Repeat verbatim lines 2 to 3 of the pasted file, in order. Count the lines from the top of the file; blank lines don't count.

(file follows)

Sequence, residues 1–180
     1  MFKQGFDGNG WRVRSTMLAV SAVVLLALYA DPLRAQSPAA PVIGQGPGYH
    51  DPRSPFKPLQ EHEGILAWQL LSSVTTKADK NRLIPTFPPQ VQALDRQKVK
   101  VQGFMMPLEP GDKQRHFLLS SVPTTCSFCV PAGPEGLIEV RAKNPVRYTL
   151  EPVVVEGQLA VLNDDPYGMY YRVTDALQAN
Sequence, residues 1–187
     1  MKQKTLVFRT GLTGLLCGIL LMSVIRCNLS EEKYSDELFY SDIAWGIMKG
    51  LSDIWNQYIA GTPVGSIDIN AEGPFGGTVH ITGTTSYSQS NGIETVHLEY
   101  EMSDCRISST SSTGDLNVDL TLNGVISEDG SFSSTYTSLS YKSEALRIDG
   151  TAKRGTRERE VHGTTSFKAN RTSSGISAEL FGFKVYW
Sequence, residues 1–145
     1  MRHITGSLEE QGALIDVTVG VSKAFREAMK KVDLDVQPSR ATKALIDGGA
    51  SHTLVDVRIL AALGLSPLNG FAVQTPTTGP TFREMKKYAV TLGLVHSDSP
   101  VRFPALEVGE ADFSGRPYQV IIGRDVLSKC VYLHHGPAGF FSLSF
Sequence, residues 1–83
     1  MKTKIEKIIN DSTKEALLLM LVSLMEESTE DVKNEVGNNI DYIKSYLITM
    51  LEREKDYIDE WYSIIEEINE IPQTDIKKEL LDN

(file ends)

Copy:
     1  MFKQGFDGNG WRVRSTMLAV SAVVLLALYA DPLRAQSPAA PVIGQGPGYH
    51  DPRSPFKPLQ EHEGILAWQL LSSVTTKADK NRLIPTFPPQ VQALDRQKVK